University of Edinburgh
Wide Wave Tank 1977 - 2001
1977: the wide tank goes up
2001: the wide tank comes down
The wide tank was housed in a temporary building that was attached to
the James Clerk Maxwell Building (JCMB),
at the Kings Buildings campus of the University of Edinburgh.
The tank was built in 1977 by Edinburgh Wave Power Project for research
at scales between 1/150 and 1/100 into the generation of electricity from
ocean wave energy. It was designed to accurately represent Atlantic wave
activity in areas of up to 3km full scale width.
The tank consisted of a light blue 1200gm/m2 glass reinforced polyester lining inside modular concrete retaining walls. The nominal water depth was 1.2 metres, the internal length was 10 metres and the width was 27.5 metres. 'Width' referred to the dimension parallel to the wavemakers - hence the name 'wide tank'. The original waterproofing consisted of a loose lining made up from rolls of a polyurethane material which had a bonded-on terylene felt backing.
Along one width of the tank were 89 wavemaking paddles, of which approximately the first 75 were usually driven. (See 'wavemaker platform limit' line on the drawing). Along the opposite side were 2 metre long beach cages using expanded aluminium foil as an energy absorbtion medium. (See 'beach limit' line on the drawing). The upper part of most of one short side of the tank was glazed to provide an underwater view. The opposite short wall of the tank usually had a row of beaches along it.
The working area was up to 25m wide by 5m long. The wavemaking paddle pitch
was 305mm (12 inches).
A gusseted plastic membrane formed a water seal between the paddles and the
tank. Water was displaced only by the moving front surface of the paddles. There
were no rear waves to cause resonances and compromise wave quality. The paddles
were driven by DC motors with force and velocity feedback to linearize response
and maximize absorbtion of reflected waves arriving back at the paddles.
Wave fronts & Seastates
Tank sea states were created as single wavefronts or as combinations of finite numbers of wavefronts.
Wavefronts were specified by: frequency, period or wavelength (eg: 1Hz)
amplitude or height (eg: 1cm)
angle of travel (eg: -30°)
Single wavefront sea states provided regular, monochromatic or 2-dimensional waves. Additional wavefronts gave 2 and 3-dimensional sea states with specified spectral content.
Wavefront frequencies were generally in the range 0.5 to 2Hz. Angles could
be up to ±90°, although at extreme angles wavefronts tended not to
propagate into the tank working area.
An example of an unusual seastate...
The 'bullseye' wave (shown here on the glass window of the wide tank) was composed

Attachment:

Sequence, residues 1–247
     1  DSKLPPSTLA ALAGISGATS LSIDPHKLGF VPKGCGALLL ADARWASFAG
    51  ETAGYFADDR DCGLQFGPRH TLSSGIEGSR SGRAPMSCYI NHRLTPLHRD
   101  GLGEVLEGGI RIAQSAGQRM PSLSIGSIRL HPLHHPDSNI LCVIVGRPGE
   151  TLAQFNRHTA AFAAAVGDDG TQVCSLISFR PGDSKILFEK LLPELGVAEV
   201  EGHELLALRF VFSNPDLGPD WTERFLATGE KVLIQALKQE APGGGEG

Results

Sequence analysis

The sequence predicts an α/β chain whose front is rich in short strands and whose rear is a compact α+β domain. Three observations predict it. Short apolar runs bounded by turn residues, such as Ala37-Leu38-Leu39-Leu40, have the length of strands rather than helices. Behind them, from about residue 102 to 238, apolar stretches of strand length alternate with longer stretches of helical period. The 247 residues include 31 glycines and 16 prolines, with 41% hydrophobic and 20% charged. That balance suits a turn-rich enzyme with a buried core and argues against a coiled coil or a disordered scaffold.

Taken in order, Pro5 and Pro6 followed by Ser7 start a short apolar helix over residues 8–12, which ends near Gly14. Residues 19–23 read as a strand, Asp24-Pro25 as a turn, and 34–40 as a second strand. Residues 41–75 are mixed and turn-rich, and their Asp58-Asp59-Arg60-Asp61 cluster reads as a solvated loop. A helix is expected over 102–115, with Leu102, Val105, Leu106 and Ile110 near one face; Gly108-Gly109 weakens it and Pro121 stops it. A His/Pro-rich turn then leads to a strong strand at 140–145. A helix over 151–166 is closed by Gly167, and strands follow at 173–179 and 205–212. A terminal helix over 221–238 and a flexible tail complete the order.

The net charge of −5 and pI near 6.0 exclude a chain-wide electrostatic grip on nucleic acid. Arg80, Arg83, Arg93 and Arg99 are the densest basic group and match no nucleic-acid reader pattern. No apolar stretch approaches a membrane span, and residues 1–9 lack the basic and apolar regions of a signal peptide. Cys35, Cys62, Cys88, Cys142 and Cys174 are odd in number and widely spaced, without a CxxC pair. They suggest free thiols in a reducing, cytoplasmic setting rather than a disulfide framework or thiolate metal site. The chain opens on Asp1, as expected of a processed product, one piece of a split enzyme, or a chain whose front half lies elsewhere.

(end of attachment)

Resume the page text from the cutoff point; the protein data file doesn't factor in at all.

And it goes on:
of many wavefronts, each having the same period (0.8 seconds), but different
angles. The starting phases were chosen to bring each wavefront
into phase at the same point on the glass.
The wavemaking software of 1977 had to run in real time as memory was very expensive. (Our best computer had 64 kB of RAM and a 20MB hard disk drive cost more than a year's salary). The Plessey Miproc was the fastest micro-computer that we could afford and it allowed us to generate up to 70 wavefront seas. By the 1990's we were using the software from our spin-out company Edinburgh Designs Ltd and there was no practical limit to the number of wavefronts in a sea state, however typically less than 1000 were used.
Collections of sea states were defined by writing text files in a special compiling
syntax not unlike C or Pascal. Standard ocean spectral algorithms
such as Pierson-Moscowitz and Jonswap were included as high level functions,
and wave directionality was usually specified with a Cos2n function.
Wavefront starting phase was normally assigned randomly by the wavemaking compiler.
However explicit manipulation of starting phase allowed statistically uncommon
wave features (eg: 50 year wave) to be forced into sea states at specific times
and places. Thus the following line of text :
makewave focus (cosn(pm(1.0)*3,5),20,4,4)
specifies a 1 second Pierson-Moscowitz sea, with cos5 spreading and includes a freak wave 20 seconds after sequence start at tank coordinate 4,4.
This technique also allowed easy implimentation of scarcely imaginable real
world sea states such as repetitive deep water plunging breakers.
All sea states were pseudo random with their repeat times specified
in the corresponding source files. A commonly used repeat times was 64 seconds,
but this coul be extended indefinitely. All the features of complex sea states
repeat with great precision which for most experimental work was greatly advantageous.
During wavemaking a pseudo wave-gauge facility in the control computer
could provide calculated surface elevation time-series for any point in the
The Widetank Plan View: